The intrinsic correlation between an enhancement of catalytic activity and the flow of hot electrons generated at metal–oxide interfaces suggests an intriguing way to control catalytic reactions and is a significant subject in heterogeneous catalysis. Thus, understanding fundamental mechanisms of energy conversion and dissipation at solid-gas or solid-liquid interfaces are crucial issues for the field of heterogeneous catalysis. Catalytic selectivity, or the production of only one desired molecule that may be used as a fuel or chemical out of several thermodynamically possible molecules, is the foundation of surface chemistry. During catalytic reactions, electronic excitation taking place on the surface creates energetic electrons called “hot electrons” that have a significant impact on catalytic reactions. Charge transfer at metal-oxide interface is an important parameter for enhancing the selectivity of desirable reaction, thus, fundamentally identifying the electronic excitation at metal–oxide interfaces is crucial for designing heterogeneous catalyst structures with the desired activity and selectivity. Despite its importance in fundamentally understanding electronic excitation on the surface, no reports show the relation between hot electron flow and catalytic selectivity. Motivated from this point, I have studied extensive research of the hot electron dynamics under the gas-phase surface chemical reaction (e.g., CO oxidation, methanol oxidation, and hydrogen oxidation) with hybrid nanostructures (e.g., metal-semiconductor or metal-oxide interface).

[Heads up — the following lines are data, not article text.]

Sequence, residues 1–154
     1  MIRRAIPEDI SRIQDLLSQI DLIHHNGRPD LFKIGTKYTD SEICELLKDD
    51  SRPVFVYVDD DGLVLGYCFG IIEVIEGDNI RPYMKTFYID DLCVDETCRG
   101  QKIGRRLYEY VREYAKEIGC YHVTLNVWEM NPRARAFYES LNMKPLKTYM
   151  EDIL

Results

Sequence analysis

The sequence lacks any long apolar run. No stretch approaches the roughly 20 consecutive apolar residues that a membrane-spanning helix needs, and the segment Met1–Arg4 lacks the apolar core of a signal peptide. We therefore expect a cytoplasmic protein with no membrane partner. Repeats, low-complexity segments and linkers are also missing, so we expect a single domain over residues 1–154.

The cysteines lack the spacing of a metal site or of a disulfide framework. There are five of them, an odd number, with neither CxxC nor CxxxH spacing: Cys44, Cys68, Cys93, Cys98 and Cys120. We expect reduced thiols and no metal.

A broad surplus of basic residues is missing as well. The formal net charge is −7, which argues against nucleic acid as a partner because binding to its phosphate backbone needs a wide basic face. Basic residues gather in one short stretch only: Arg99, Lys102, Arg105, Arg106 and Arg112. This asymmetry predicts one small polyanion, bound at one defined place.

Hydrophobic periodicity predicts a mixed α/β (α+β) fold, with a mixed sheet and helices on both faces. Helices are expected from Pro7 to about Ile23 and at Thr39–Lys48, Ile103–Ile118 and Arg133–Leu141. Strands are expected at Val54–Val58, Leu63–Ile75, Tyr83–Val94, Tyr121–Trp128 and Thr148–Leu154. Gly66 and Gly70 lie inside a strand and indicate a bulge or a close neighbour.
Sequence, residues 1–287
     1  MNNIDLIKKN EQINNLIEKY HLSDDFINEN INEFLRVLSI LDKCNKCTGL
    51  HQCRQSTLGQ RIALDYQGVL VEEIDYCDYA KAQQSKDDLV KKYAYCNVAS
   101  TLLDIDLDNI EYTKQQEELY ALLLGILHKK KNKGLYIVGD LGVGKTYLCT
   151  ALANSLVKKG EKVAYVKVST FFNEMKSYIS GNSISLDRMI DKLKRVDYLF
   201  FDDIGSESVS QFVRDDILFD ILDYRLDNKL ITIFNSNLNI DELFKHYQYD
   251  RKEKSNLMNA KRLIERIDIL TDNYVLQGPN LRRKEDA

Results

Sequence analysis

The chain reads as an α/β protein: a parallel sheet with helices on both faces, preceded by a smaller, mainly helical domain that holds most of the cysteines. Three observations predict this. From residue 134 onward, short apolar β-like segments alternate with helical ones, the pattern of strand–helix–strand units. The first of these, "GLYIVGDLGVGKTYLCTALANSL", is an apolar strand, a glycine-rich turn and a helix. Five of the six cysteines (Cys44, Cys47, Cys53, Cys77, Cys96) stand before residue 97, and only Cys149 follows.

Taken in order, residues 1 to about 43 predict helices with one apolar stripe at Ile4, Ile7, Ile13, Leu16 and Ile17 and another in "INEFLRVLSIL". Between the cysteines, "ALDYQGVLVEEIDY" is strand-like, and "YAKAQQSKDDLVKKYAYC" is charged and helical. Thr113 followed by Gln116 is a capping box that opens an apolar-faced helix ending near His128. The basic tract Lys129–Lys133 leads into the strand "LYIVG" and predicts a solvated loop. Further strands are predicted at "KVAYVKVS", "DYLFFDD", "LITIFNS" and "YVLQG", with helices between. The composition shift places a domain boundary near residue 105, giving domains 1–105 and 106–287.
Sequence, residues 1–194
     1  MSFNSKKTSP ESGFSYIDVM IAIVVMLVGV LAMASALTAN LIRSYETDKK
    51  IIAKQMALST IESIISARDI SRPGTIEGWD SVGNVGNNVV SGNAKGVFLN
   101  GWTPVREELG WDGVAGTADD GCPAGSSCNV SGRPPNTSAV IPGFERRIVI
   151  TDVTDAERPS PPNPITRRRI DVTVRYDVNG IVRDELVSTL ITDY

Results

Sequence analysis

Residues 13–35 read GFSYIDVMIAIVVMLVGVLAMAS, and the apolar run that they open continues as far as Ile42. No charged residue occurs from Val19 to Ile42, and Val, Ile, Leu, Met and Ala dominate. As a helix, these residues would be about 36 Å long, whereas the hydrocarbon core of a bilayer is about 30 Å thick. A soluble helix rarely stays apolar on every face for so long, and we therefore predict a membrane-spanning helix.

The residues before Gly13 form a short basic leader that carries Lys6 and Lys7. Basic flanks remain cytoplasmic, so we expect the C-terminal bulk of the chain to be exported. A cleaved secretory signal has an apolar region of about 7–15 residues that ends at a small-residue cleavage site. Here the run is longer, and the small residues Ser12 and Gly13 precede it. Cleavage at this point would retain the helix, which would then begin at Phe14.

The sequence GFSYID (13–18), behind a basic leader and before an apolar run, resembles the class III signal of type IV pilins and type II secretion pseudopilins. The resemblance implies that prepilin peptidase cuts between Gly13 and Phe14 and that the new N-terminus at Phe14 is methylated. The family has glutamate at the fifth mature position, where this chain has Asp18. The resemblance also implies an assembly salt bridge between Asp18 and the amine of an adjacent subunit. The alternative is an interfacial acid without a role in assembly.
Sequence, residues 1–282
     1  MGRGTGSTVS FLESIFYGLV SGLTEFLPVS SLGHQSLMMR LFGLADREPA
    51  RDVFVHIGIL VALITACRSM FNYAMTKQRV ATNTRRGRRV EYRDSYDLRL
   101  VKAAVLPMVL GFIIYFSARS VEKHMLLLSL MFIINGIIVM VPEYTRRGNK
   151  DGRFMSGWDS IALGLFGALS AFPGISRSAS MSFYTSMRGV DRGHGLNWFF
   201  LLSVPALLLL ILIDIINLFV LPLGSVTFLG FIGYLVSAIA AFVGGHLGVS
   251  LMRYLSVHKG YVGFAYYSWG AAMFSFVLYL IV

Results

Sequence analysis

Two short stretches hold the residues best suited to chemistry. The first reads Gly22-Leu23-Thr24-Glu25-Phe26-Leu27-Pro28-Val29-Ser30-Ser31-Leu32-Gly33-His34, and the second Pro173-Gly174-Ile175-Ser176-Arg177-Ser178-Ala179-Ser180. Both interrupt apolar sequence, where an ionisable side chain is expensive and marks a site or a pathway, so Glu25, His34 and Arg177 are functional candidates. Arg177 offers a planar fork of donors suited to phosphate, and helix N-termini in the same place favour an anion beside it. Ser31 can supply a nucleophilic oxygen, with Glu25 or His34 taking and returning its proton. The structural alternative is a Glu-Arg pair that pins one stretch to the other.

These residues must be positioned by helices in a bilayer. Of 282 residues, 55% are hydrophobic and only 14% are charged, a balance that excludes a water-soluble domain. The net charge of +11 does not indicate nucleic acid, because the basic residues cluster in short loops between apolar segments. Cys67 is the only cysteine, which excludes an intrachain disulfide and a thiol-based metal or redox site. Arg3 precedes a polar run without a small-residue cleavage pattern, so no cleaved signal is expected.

In this dissertation, Chapter 1 introduces the research background of hot electron generation on metal surfaces by depositing external energy. In Chapter 2, I demonstrate the intrinsic relation between hot electron flow and catalytic selectivity using a Pt/n-type $TiO_2$ Schottky nanodiode. On the Pt thin film, hot electron flow was generated by methanol oxidation exhibiting a two-path reaction of either full oxidation to $CO_2$ or partial oxidation to methyl formate; a steady-state chemicurrent was detected. We show that hot electron generation is more effective in the reaction pathway that produces methyl formate. Based on these results, we conclude that the selectivity for methyl formate production correlates well with hot electron generation because of the higher exothermicity of generating the intermediate, as was confirmed using theoretical calculations based on the density functional theory. In Chapter 3, for finding the hot electron dynamics at the metal-oxide interface, I fabricated a catalytic Schottky nanodiode by placing Pt nanowrie arrays on $TiO_2$ to form a Pt-$TiO_2$ interface. We observed that when Pt nanowire arrays were supported on $TiO_2$ than Pt thin films, they showed higher partial oxidation selectivity due to the Pt-$TiO_2$ interface, which also increased the chemicurrent yield indicating the efficiency of hot electron generation. Based on a comparative analysis of results for Pt nanowire arrays forming Pt-$TiO_2$ interface and Pt thin film which does not form an interface, we showed that the metal-oxide interface can promote the partial oxidation reaction, and enhance the efficiency of hot electron generation, which was also proved by theoretical calculations based on the density functional theory. In Chapter 4, I demonstrate surface plasmon-induced catalytic enhancement by the peculiar nanocatalyst design of hexoctahedral (HOH) Au nanocrystals (NCs) with $Cu_2O$ clusters. We found that this inverse catalyst comprising a reactive oxide for the catalytic portion and a metal as the source of electrons by localized surface plasmon resonance exhibits a change in catalytic activity by direct hot electron transfer or plasmon-induced resonance energy transfer when exposed to light. Finite-difference time domain calculations show that a much stronger electric field was formed on the vertex sites after growing the $Cu_2O$ on the HOH Au NCs. These results imply that catalytic activity is enhanced when hot electrons, created from photon absorption on the HOH Au metal and amplified by the presence of surface plasmons, are transferred to the reactive $Cu_2O$. In Chapter 5, I report the effect of metal–oxide interfaces on CO oxidation catalytic activity with inverse $TiO_2$-nanostructured Au catalysts. CO oxidation activity increases as the Ti content increases up to 0.5 wt% likely due to active $TiO_2$–Au interface sites enhancing CO oxidation via the supply of adsorption sites or charge transfer from the $TiO_2$ to the Au. However, higher titania content (i.e., 1.0 wt% $TiO_2$) resulted in decreased activity caused by high surface coverage of $TiO_2$ decreasing the number of $TiO_2$–Au interface sites. These results imply that the perimeter area of the metal–oxide interface plays a significant role in determining the catalytic performance for CO oxidation.